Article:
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EMC on XtremIO SSD brickup ballsup: Its LIFETIME downtime is under 3 minutes

Replace a failed X-Brick SSD once every 5 years

Internet Security Threat Report 2014

No DOAs here: EMC’s XTremIO arrays are expected to have less than three minutes downtime in their rated life, with X-Brick component SSDs failing once every five years or so.

We have reported that the DOA rate was too high and the co-founder and general manager of EMC's acquired XtremIO business, Ehud Rokach, has written blog which is partly a counter to that, writing that our “article presented speculations that may lead to false conclusions.”

He says that, using data obtained by monitoring “hundreds of XtremIO X-Bricks at customer sites globally and across all major verticals”:

  • XtremIO delivers world class 99.9999 per cent (six nines) field-proven availability (less than 32 Seconds of unavailability in a year, and less than 3 minutes of unavailability over the lifetime of the product.)
  • Our SSD Mean Time Between Part Replacement (MTBPR) was field-measured to be 922,240 hours, or 105 years.
  • Our Annual Replacement Rate (ARR) for SSDs was field-measured to be 0.009. For an entire X-Brick (holding 25 SSDs), the probability of encountering SSD failure at any time during a 1-year period equals (1-0.991^25), or 0.2.
  • A 0.2 ARR means that on average, based on our actual field data, you’ll need to replace a failed SSD (Due to a non-endurance related failure. …) in an X-Brick roughly once every 5 years.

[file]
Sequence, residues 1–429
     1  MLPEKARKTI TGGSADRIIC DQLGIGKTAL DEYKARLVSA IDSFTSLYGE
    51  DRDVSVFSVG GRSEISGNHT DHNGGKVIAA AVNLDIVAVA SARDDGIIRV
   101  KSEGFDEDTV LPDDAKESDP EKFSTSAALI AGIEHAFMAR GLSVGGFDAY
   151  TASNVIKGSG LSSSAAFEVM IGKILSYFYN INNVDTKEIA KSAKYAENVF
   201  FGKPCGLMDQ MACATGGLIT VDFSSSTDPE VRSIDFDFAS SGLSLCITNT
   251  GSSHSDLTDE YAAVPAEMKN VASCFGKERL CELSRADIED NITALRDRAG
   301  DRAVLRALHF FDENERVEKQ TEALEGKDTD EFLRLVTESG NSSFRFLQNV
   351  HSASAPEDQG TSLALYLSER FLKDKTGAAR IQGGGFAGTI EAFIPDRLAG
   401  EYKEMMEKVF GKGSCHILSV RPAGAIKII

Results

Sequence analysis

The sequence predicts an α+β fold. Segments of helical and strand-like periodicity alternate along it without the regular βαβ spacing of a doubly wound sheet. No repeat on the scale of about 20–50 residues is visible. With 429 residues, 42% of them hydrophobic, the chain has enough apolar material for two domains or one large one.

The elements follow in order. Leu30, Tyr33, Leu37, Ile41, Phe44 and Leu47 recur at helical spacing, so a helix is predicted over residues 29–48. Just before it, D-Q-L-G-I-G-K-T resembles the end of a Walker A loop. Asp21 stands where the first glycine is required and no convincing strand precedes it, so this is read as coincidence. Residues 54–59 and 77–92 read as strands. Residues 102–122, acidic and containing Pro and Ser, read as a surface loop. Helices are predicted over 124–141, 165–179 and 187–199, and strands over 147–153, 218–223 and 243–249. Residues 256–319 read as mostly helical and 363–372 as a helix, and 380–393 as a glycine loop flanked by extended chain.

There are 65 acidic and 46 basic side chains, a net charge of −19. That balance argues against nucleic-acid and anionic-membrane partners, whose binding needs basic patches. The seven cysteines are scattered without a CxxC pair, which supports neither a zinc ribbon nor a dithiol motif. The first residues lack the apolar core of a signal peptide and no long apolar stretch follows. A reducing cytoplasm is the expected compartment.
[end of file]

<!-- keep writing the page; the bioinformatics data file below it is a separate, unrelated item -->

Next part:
Pretty darn convincing. He hammers away: “Our actual measured field performance demonstrates exceptional SSD and array-level reliability. Since initiating XtremIO’s Directed Availability program we have seen a grand total of single-digit SSD failures out of thousands of deployed SSDs.”

To refresh your memory, in the comment we reproduced from Xtremio chief techie Robin Ren, he said: “I am not too happy about our field hardware failure rate for many reasons. However, the vast majority of failures – we have seen over 150 X-Bricks so far – [pauses] in real customer environments … [and] another 200 systems internally. I think we have seen a lot of DOAs in terms of drives.”

Ren spoke in October by the way, several months after Directed Availability started.

Rokach says our story, based on Ren’s comments, “referenced (unknowingly) a couple of early DOA SSD failure events during Beta, prior to product being released for Directed Availability. The two failures during pre-release Beta were analysed, and corrective action applied (firmware update). Not surprisingly, ever since we started Directed Availability and to this very day, we have seen no excess SSD failures of any kind (in the field or DOA). This is indeed a non-issue.”

Happy to hear it. ®

Internet Security Threat Report 2014

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